Picture of author.

About the Author

Inclui os nomes: Janine Burke, Ed. Janine Burke

Image credit: Courtesy of Allen & Unwin.

Obras por Janine Burke

Associated Works

The Penguin Century of Australian Stories (2000) — Contribuidor — 74 exemplares
The Blue Dress (1991) — Autor — 23 exemplares
The Best Australian Essays 2005 (2005) — Contribuidor — 17 exemplares


Conhecimento Comum



My Forests: Travels with Trees is an exquisite book. It's been my companion for a week, reading one or two essays each day, and I'm sorry to have come to the end of it.

It's beautifully produced, comparable with books that come from the Folio Society. The hardback cover design by Pfisterer + Freeman is graced by gilt leaves superimposed over the bark of a gum tree; the end papers are eucalyptus green; each new chapter is designated by a full page colour background image of bark; and, typeset in Bembo 12/15pt, the papers feel soft and silky in the hand. It would make a beautiful gift, but you'd need to be strong-minded not to keep it for yourself.

Contrary to my expectations of a book about forests, the book begins in Elwood, a beachside suburb of Melbourne. I know it well because I used to live above the Turtle Café on the corner of Glenhuntly and Ormond Rds. (If interested, look here: the near turret was our sitting-room, the rear turret was the kitchen from which we could see the sea, and the left hand window was our bedroom. We loved the bustle of the street life below us, and only moved when The Offspring needed a garden to rampage around in.)

Despite development, Elwood remains green to this day:
When you turn into Elwood from the Nepean Highway, you are embraced by green: the parks and the ovals entwine in flowing emerald arcs like large, protective gestures. It's like living in a nature reserve. The trees assist in giving Elwood its decidedly feminine air, its gentle, verdant appeal. Elwood is inhabited by a wide variety of trees: Eucalypts as well as Wattle, Bottlebrush, Ti-tree, Banksia, Apple, Sheoak, Moreton Bay Fig, Jacaranda, Pine, Ash, Peppercorn, Cypress, Date Palm, Silver Birch, Elm and London Plane. (p.4)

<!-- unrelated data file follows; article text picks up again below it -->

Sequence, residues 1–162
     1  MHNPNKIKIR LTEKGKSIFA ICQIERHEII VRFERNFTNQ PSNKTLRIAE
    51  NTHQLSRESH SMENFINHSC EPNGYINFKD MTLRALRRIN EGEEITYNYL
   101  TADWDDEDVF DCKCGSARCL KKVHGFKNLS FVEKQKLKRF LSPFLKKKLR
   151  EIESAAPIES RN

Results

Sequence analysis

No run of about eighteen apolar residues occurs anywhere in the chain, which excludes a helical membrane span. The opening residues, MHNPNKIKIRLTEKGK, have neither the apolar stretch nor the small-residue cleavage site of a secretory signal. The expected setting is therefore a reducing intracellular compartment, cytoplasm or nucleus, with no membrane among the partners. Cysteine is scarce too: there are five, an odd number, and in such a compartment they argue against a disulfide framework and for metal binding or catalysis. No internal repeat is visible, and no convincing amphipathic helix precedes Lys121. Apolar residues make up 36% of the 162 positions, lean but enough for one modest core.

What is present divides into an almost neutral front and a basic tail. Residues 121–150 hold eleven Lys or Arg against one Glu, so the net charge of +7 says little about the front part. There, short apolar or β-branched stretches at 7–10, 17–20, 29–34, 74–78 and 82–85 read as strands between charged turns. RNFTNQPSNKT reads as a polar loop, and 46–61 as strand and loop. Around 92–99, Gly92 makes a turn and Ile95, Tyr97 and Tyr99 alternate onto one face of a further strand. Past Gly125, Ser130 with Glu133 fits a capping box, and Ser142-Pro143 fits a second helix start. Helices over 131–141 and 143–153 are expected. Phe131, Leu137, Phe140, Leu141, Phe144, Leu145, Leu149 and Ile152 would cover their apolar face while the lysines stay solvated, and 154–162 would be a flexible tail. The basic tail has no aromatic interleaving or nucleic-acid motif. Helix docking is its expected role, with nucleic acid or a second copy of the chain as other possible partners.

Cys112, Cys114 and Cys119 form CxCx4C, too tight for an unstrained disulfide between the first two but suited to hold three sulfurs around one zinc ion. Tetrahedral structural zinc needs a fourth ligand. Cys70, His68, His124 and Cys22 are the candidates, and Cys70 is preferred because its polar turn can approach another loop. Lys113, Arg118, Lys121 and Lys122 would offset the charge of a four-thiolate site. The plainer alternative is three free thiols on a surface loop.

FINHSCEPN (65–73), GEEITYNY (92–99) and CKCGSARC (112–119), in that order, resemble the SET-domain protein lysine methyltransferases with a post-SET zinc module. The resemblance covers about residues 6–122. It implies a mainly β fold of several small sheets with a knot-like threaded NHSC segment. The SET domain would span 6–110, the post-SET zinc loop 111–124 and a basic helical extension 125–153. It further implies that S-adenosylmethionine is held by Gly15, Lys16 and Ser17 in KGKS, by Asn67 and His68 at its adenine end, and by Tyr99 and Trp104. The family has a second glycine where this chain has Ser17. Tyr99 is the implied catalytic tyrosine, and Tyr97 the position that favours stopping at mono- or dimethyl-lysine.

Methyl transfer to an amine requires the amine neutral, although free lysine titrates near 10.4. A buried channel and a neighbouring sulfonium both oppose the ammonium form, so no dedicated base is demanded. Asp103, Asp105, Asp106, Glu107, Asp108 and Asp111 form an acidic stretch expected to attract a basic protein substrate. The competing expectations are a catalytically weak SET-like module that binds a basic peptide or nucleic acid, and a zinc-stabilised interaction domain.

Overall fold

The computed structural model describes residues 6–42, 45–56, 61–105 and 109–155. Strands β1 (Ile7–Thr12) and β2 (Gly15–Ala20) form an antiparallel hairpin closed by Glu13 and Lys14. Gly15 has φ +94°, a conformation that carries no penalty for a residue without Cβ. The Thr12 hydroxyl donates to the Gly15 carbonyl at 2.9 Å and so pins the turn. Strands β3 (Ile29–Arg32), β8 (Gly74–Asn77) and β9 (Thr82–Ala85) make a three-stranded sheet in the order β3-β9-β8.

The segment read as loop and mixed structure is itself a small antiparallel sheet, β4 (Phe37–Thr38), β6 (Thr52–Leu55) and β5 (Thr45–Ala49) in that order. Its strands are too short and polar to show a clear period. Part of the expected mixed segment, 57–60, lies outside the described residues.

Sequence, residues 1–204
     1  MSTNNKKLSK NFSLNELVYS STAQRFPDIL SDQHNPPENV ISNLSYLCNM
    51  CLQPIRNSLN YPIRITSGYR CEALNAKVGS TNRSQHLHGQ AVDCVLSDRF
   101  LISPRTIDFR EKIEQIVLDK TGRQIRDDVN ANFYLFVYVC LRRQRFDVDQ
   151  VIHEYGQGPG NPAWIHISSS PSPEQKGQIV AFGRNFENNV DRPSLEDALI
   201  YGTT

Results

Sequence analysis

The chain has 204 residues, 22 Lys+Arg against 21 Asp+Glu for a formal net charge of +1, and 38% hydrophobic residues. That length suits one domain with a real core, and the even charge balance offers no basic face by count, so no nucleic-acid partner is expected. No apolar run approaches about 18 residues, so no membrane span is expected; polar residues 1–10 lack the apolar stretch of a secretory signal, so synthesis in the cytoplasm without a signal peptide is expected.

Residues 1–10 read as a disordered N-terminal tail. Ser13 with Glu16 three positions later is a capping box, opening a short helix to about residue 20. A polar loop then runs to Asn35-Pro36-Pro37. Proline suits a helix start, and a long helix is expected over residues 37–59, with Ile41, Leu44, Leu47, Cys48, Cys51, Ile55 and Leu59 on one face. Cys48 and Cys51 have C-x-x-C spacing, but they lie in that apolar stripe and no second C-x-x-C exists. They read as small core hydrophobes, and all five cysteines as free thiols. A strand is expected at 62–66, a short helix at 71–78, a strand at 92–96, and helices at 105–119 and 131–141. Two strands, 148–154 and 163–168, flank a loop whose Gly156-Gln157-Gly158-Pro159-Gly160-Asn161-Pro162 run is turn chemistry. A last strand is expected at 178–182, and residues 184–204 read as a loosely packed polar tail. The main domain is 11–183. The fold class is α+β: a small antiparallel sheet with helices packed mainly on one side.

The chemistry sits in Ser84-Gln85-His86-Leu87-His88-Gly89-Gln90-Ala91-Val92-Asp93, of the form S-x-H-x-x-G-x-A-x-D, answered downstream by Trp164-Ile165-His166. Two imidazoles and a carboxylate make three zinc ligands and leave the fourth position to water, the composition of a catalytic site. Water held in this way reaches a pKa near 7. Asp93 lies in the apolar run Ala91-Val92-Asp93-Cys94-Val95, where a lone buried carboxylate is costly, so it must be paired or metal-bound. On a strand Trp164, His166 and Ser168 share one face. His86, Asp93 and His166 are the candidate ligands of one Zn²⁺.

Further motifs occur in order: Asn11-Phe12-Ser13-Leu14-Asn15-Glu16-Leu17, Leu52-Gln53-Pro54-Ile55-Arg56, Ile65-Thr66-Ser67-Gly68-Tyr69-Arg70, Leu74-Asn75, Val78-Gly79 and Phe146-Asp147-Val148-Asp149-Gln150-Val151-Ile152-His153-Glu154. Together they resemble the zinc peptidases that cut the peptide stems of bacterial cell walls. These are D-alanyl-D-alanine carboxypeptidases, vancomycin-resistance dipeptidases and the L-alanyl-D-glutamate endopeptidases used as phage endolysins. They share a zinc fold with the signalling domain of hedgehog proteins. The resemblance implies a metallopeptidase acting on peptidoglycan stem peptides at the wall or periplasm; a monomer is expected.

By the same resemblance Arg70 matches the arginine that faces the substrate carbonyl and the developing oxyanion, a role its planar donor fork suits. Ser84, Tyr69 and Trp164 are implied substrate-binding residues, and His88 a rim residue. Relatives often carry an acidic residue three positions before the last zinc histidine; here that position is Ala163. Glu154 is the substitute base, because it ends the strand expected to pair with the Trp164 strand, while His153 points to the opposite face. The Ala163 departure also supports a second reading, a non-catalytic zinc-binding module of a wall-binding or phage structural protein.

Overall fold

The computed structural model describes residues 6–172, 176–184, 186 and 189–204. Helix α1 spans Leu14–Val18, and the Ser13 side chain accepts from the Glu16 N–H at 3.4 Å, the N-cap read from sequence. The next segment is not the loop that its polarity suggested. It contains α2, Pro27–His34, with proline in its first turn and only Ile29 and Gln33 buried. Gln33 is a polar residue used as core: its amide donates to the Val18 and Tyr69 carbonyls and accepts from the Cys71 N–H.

The Yaluk-ut Weelam ('river people') of the Boonwurrug clans used to camp on the Point Ormond bluff which looks across to the You-Yangs near Geelong. When Thomas Clark painted it in c1860, (see here) much of Elwood was swampland and there was an abundance of ducks, eels, tortoises, frogs, fish, shellfish, kangaroos and emus to hunt and harvest.
Several of Elwood's mighty Eucalypts, the sentinels of the suburb, grew along the wetland's higher ground and flourish still. Drooping Sheoaks (Allocasuarina verticillata) provided timber needed for hunting implements and weapons. Today, sheltered behind Point Ormond are many original plant species including Sea Box (Alyxia buxifolia), White Correa (Correa alba) and Coastal Daisy Bush (Olearia axillaris), flourishing reminders of the Yaluk-ut Weelam's reign.